WIRED has an in-depth article on the recently revealed North Korean hacker group known as APT37 aka ScarCruft aka Group123:
In its analysis of APT37, FireEye provides a rare breakdown of the hacker group’s entire known toolset, from initial infection to final payload. Earlier this month, security firms tracked the group using a zero-day vulnerability in Adobe Flash to spread malware via websites, an unusual use of a still-secret and unpatched software flaw. But in the past, the group has also exploited non-zero-day Flash vulnerabilities that victims have been slow to patch, lingering flaws in the popular Korean Hangul word processor to infect computers via malicious attachments, and even BitTorrent, indiscriminately uploading malware-infected software to piracy sites to trick unwitting users into downloading and installing it.
Once it finds an initial foothold on a victim’s machine, APT37 has a diverse grab bag of spy tools at its disposal. It has installed malware that FireEye calls DogCall, ShutterSpeed, and PoorAim, all of which have the capability of stealing screenshots of a victim’s computer, logging keystrokes, or digging through their files. Another malware sample, ZumKong, is designed to steal credentials out of browser memory. A tool called CoralDeck compresses files and extracts them to the attacker’s remote server. And a piece of spyware FireEye calls SoundWave takes over a victim’s PC microphone to silently record and store eavesdropped audio logs.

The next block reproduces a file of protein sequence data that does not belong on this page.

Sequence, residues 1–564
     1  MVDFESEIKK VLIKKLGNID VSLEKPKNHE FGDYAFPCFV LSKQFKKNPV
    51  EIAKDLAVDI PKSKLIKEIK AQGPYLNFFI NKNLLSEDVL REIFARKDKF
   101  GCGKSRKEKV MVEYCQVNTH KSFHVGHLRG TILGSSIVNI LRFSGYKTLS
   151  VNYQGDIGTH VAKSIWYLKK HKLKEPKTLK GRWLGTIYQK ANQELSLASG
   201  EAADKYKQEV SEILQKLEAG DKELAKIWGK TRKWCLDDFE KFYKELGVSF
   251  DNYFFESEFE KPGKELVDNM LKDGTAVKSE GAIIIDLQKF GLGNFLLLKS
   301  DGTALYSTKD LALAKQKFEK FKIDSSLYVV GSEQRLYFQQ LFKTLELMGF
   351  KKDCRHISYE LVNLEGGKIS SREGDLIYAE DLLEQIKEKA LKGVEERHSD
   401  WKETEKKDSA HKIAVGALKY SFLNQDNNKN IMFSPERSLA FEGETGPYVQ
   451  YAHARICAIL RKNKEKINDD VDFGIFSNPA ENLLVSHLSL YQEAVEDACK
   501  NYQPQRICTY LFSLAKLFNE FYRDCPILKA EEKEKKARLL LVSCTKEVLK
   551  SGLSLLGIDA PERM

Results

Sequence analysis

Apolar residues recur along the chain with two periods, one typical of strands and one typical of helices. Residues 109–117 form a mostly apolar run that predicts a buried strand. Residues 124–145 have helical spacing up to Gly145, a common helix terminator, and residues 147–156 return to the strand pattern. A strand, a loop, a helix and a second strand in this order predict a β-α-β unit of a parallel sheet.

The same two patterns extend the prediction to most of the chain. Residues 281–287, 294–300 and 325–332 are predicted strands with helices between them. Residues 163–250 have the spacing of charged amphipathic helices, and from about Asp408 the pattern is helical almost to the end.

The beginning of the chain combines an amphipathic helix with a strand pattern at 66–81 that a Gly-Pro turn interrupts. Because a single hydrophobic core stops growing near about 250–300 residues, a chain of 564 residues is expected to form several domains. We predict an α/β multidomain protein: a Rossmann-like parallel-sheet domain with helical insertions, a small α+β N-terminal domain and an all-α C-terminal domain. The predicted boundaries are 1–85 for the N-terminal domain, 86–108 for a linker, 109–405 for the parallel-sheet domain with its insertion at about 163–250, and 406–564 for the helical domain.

Perhaps most disturbing, Hultquist notes, is that APT37 has in some cases also dropped a tool that FireEye calls RUHappy, which has the potential to destroy systems. That wiper malware deletes a portion of the computer’s master boot record and restarts the computer so that it’s left fully paralyzed, displaying only the words “Are You Happy?” on the screen. FireEye notes that it’s never actually seen that malware triggered on a victim’s network—only installed and left as a threat. But Cisco’s Talos researchers noted in their own detailed report on APT37 last month that a 2014 attack on a Korean power plant had indeed left that three-word message on wiped machines, though they weren’t able to otherwise tie that attack to APT37.
It is fascinating how the different groups of hackers within nation state backed organizations use different tactics, techniques, and procedures, thus making it relatively easy for foreign intelligence agencies to track their operations so well. While there is no definitive proof APT37 is who FireEye says they are, there is a good chance this is the real deal. Attribution used to be difficult, but has come a long way in the recent years.
This is one group to watch, especially since they have already targeted Japan. This means there is a possibility they may leverage Tokyo 2020 as a jumping point into Japanese networks.